Around Berkshire, several landowners paid the price for immiserating their workforce with the smashing up or burning of their technologically advanced machinery which was replacing many agricultural workers and driving down wages. Landowners increased their profits through greater productivity and lower labour costs - but were reluctant to share their increased wealth with their workers.

Keith Jerrome Expostulates Eloquently to Assembled Comrades
The 'Swing Rioters' sought to redress this injustice, with 'Captain' Winterbourne leading the aggrieved from village to village, farm to farm, seeking work for idle hands and improved pay for agricultural labourers. When Winterbourne was arrested, however, justice was merciless. He was identified as the ringleader, condemned to death and publicly hanged from the walls of Reading Gaol on 11 January 1831 under the gaze of the townsfolk, observing in silence according to contemporary reports. (Two others condemned to death had their sentences commuted to transportation to Australia; dozens of others received gaol sentences.)

The Grave of William 'Smith' Winterbourne
The day commenced with refreshments in the St Mary's Church Hall before Keith Jerrome (Unite) gave a graveside historical account of Winterbourne's campaign and death. He explained how the vicar of St Mary's brought the remains of Winterbourne to his church - an unusual practice for an executed person - and buried him as 'William Smith' (possibly to hide the nature of his death). Following Keith, a Winterbourne descendent recited a poem on her forebear's fate.

Reading Trades Union Council was well represented at the memorial service, with Kevin Brandstatter (GMB), Nikki Dancey (GMB), James denny (RMT), Steve Geary (USDAW), Ray Parkes (Unite), John Partington (TSSA) and Tanya Wills (Unite) attending as well as Keith Jerrome (Unite).

Wednesday, 4 December 2019

RTUC backs UCU Strikes in Reading & Oxford


During October 2019, the University and College Union held a double national ballot on proposed changes to the university pension scheme and on worsening pay, terms and conditions for university staff. Reading UCU comfortably exceeded the legislative 50% threshold on voting turn out and members backed strike action overwhelmingly (72% on the pension issue and 68% on pay, terms and conditions). In Oxford, 74% of balloted members supported strike action on worsening pay, terms and conditions. Across sixty institutions, more than 40,000 UCU members took industrial action.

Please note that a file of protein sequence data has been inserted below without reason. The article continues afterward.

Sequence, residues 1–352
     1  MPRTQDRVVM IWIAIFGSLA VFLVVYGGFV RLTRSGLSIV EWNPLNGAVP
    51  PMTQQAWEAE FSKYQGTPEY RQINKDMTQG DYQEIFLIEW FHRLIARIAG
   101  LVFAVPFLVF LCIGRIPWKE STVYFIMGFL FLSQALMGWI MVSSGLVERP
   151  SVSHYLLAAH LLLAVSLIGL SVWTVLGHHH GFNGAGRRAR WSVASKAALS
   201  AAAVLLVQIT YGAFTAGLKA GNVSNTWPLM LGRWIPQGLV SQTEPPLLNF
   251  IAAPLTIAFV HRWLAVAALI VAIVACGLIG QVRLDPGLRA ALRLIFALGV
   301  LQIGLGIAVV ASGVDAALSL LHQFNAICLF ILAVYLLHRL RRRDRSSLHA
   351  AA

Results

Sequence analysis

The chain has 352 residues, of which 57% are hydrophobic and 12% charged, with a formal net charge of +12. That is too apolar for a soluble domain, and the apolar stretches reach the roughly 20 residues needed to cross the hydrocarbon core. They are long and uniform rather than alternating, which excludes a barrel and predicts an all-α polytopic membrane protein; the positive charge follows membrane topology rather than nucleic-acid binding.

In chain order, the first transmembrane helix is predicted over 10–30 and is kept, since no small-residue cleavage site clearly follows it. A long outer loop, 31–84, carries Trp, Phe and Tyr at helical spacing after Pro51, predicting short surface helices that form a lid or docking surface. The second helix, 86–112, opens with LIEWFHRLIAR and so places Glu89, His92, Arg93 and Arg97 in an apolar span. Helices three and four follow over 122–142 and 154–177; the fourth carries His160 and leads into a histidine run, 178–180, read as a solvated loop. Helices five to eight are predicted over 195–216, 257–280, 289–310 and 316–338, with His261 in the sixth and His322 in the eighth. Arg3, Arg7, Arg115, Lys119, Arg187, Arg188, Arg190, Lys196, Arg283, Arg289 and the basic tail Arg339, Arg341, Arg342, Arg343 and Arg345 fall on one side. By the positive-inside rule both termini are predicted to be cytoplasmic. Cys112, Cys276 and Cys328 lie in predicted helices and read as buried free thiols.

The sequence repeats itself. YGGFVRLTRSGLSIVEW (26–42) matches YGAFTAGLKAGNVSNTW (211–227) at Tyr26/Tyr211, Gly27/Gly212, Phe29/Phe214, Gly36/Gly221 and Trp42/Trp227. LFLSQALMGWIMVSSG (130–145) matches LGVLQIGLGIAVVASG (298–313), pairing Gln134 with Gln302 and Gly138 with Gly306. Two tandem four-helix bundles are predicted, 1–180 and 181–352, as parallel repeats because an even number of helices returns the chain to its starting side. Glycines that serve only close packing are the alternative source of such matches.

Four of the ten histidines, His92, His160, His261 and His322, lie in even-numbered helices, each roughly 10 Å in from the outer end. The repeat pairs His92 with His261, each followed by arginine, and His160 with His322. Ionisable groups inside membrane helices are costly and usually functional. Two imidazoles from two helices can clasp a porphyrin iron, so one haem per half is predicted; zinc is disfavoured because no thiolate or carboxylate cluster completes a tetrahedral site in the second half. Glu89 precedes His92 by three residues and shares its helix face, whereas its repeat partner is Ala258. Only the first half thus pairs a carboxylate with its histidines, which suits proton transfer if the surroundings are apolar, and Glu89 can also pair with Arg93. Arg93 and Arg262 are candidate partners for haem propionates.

John Gillman (far left) supports the protest at Whiteknights, Reading

UCU members walked out of their workplaces on 25 November for eight consecutive working days of strike action. In Reading, there were vibrant, creative picket lines based at London Road, Earley Gate, Pepper Lane and Shinfield Road entrances to the University of Reading. At Oxford University, pickets formed throughout the city, including on the High Street and at the Saïd Business School.

John Oversby (5th left) supports the Shinfield Road picket, Reading

As with last years' pensions dispute, Reading Trades Union Council delegates showed their solidarity with the UCU strikers. John Gillman (Unite) and John Oversby (UCU retired member) supported the University of Reading action, while John Partington (TSSA) fraternised with strikers in Oxford.

John Partington support's the picket at Saïd Business School, Oxford
Following student solidarity with the UCU dispute in Reading, a final-year undergraduate, Dorian McHale, has been suspended and banned from campus pending a serious misconduct investigation while Oliver Kent, a postgraduate student, has also been banned. While Oliver had completed his studies (his graduation ceremony was scheduled for 12 December), Dorian's studies at the university are now in jeopardy.

Letter sent to Dorian McHale (coutesy of thetab.com)

A group of nine students attempted to occupy the International Capital Market Association building at Reading University on 1 December in support not only of the UCU strikes but also divestment from fossil fuels and the arms industry.

In the face of  heavy-handed security, which led to two students suffering bruising to their legs, the university claims their security personnel were assaulted. The protesters claim that, at one point, they were “pushed back by a picked-up table and chased by security”.

Reading Trades Union Council sends solidarity to the suspended students, seeing the university's actions as an attack on the most vulnerable in the dispute. The university leadership and all of Universities UK need to sit down and negotiate satisfactory deals with UCU rather than bully students in a cheap attempt to discredit legitimate strike action.